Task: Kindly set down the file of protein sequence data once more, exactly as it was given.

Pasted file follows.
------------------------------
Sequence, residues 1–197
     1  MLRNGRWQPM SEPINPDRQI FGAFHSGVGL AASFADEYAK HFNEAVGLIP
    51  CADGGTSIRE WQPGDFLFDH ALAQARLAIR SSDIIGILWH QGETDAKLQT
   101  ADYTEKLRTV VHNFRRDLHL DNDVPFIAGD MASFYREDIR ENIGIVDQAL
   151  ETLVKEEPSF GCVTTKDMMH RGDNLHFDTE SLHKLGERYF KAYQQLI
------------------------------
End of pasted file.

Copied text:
Sequence, residues 1–197
     1  MLRNGRWQPM SEPINPDRQI FGAFHSGVGL AASFADEYAK HFNEAVGLIP
    51  CADGGTSIRE WQPGDFLFDH ALAQARLAIR SSDIIGILWH QGETDAKLQT
   101  ADYTEKLRTV VHNFRRDLHL DNDVPFIAGD MASFYREDIR ENIGIVDQAL
   151  ETLVKEEPSF GCVTTKDMMH RGDNLHFDTE SLHKLGERYF KAYQQLI